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Simon Diricq, Belgian Classical Saxophonist, Educator

When I was a student at the Paris Conservatory, we had a welcome meeting. In that first meeting, the Director of the Conservatory said, “Now you represent this institution. You represent the Paris Conservatory system. Each note you are going to play must be perfect. Even if you go to a small village to play a small concert, it must be perfect.” My first feeling was, “Really?!” So I tried to be a good student. Finally I got used to that pressure, and I finally feel lighter because I don’t feel that weight any longer. I have the job of my dreams, but it hasn’t been easy. I’ve finally gotten to the point where I don’t feel that I have to prove that I deserve to have it.

My life also got lighter after my divorce. I don’t have to be ashamed to do what I want to do as an artist any longer. I can also feel things, from very good to very bad, and I can share them. I am free to experience and express a whole spectrum of emotions. I don’t have to hide the bad ones or cling only to the good ones. It felt like removing a backpack.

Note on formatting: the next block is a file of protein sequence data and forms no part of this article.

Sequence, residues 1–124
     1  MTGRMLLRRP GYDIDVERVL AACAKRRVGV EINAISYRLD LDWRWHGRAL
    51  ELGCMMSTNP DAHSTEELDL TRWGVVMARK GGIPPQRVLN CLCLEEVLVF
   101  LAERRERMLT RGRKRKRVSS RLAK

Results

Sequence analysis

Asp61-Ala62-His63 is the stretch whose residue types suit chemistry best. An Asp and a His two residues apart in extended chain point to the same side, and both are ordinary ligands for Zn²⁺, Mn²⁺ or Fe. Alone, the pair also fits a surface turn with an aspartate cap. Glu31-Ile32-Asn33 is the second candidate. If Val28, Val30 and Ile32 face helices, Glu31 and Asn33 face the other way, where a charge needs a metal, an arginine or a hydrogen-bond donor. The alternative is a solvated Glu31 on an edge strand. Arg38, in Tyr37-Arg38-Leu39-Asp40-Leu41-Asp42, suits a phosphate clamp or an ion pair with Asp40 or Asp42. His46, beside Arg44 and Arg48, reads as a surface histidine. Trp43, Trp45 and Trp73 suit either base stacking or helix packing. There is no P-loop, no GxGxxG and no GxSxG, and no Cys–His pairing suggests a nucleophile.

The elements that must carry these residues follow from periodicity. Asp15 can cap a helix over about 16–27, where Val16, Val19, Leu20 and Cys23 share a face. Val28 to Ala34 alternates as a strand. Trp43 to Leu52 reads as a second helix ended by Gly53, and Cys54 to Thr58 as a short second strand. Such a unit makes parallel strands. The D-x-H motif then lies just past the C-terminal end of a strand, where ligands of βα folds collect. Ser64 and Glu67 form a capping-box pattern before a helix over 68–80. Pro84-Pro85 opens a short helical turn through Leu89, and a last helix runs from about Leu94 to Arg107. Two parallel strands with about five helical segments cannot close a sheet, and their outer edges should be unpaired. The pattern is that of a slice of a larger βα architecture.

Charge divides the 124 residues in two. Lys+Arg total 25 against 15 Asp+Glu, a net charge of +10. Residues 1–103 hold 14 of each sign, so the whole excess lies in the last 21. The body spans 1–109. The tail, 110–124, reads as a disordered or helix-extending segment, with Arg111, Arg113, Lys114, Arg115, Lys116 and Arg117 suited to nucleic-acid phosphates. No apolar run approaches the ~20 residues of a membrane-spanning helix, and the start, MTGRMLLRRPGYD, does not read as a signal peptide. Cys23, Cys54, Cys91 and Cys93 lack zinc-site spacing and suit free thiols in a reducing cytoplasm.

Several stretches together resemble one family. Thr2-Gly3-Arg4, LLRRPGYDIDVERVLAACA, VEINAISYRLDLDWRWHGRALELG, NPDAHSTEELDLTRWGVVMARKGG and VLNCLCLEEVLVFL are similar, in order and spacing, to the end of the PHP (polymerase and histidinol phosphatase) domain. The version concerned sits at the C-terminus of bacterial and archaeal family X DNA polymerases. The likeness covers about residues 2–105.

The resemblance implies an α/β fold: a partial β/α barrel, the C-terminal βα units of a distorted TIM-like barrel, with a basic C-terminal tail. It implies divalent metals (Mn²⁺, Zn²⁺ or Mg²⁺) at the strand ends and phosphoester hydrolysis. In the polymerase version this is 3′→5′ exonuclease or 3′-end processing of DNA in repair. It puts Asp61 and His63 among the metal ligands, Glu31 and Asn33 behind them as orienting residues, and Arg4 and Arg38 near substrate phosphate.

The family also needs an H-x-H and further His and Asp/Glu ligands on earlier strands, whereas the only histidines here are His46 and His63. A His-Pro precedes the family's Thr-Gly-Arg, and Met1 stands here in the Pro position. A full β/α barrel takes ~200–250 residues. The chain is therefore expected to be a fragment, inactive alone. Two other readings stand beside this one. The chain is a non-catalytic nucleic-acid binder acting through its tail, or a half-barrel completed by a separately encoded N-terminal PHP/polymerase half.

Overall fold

It’s similar to phrasing in music. You can fly when you stop stepping on each beat. (Sings the second movement of the Creston Sonata as an example.) Learning to play a line rather than each note was the same as watching my kids learn to walk. They started by stumbling, one step at a time, and then turned it into flight, rather than locking everything.


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